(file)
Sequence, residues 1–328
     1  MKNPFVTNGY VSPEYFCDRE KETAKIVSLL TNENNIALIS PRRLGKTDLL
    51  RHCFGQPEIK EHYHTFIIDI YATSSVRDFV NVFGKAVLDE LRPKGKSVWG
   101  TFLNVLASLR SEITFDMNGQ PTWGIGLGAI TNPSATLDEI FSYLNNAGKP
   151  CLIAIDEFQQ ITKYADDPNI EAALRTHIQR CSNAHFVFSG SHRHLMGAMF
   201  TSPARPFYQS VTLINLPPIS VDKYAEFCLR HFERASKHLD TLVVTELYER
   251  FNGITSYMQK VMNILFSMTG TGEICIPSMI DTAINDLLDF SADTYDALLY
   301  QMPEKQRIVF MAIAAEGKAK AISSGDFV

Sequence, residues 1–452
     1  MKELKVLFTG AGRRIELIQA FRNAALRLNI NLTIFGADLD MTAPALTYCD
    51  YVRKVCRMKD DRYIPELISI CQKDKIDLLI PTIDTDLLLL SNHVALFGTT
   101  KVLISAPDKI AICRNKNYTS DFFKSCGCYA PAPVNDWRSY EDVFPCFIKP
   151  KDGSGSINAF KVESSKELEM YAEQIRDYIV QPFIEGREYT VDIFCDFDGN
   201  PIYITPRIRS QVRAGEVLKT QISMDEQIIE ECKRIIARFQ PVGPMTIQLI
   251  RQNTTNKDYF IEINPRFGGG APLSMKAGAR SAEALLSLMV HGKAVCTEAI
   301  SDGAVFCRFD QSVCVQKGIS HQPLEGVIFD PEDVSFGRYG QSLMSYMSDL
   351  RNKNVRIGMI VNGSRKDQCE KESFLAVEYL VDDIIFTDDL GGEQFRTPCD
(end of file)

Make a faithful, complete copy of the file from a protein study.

Sequence, residues 1–328
     1  MKNPFVTNGY VSPEYFCDRE KETAKIVSLL TNENNIALIS PRRLGKTDLL
    51  RHCFGQPEIK EHYHTFIIDI YATSSVRDFV NVFGKAVLDE LRPKGKSVWG
   101  TFLNVLASLR SEITFDMNGQ PTWGIGLGAI TNPSATLDEI FSYLNNAGKP
   151  CLIAIDEFQQ ITKYADDPNI EAALRTHIQR CSNAHFVFSG SHRHLMGAMF
   201  TSPARPFYQS VTLINLPPIS VDKYAEFCLR HFERASKHLD TLVVTELYER
   251  FNGITSYMQK VMNILFSMTG TGEICIPSMI DTAINDLLDF SADTYDALLY
   301  QMPEKQRIVF MAIAAEGKAK AISSGDFV

Sequence, residues 1–452
     1  MKELKVLFTG AGRRIELIQA FRNAALRLNI NLTIFGADLD MTAPALTYCD
    51  YVRKVCRMKD DRYIPELISI CQKDKIDLLI PTIDTDLLLL SNHVALFGTT
   101  KVLISAPDKI AICRNKNYTS DFFKSCGCYA PAPVNDWRSY EDVFPCFIKP
   151  KDGSGSINAF KVESSKELEM YAEQIRDYIV QPFIEGREYT VDIFCDFDGN
   201  PIYITPRIRS QVRAGEVLKT QISMDEQIIE ECKRIIARFQ PVGPMTIQLI
   251  RQNTTNKDYF IEINPRFGGG APLSMKAGAR SAEALLSLMV HGKAVCTEAI
   301  SDGAVFCRFD QSVCVQKGIS HQPLEGVIFD PEDVSFGRYG QSLMSYMSDL
   351  RNKNVRIGMI VNGSRKDQCE KESFLAVEYL VDDIIFTDDL GGEQFRTPCD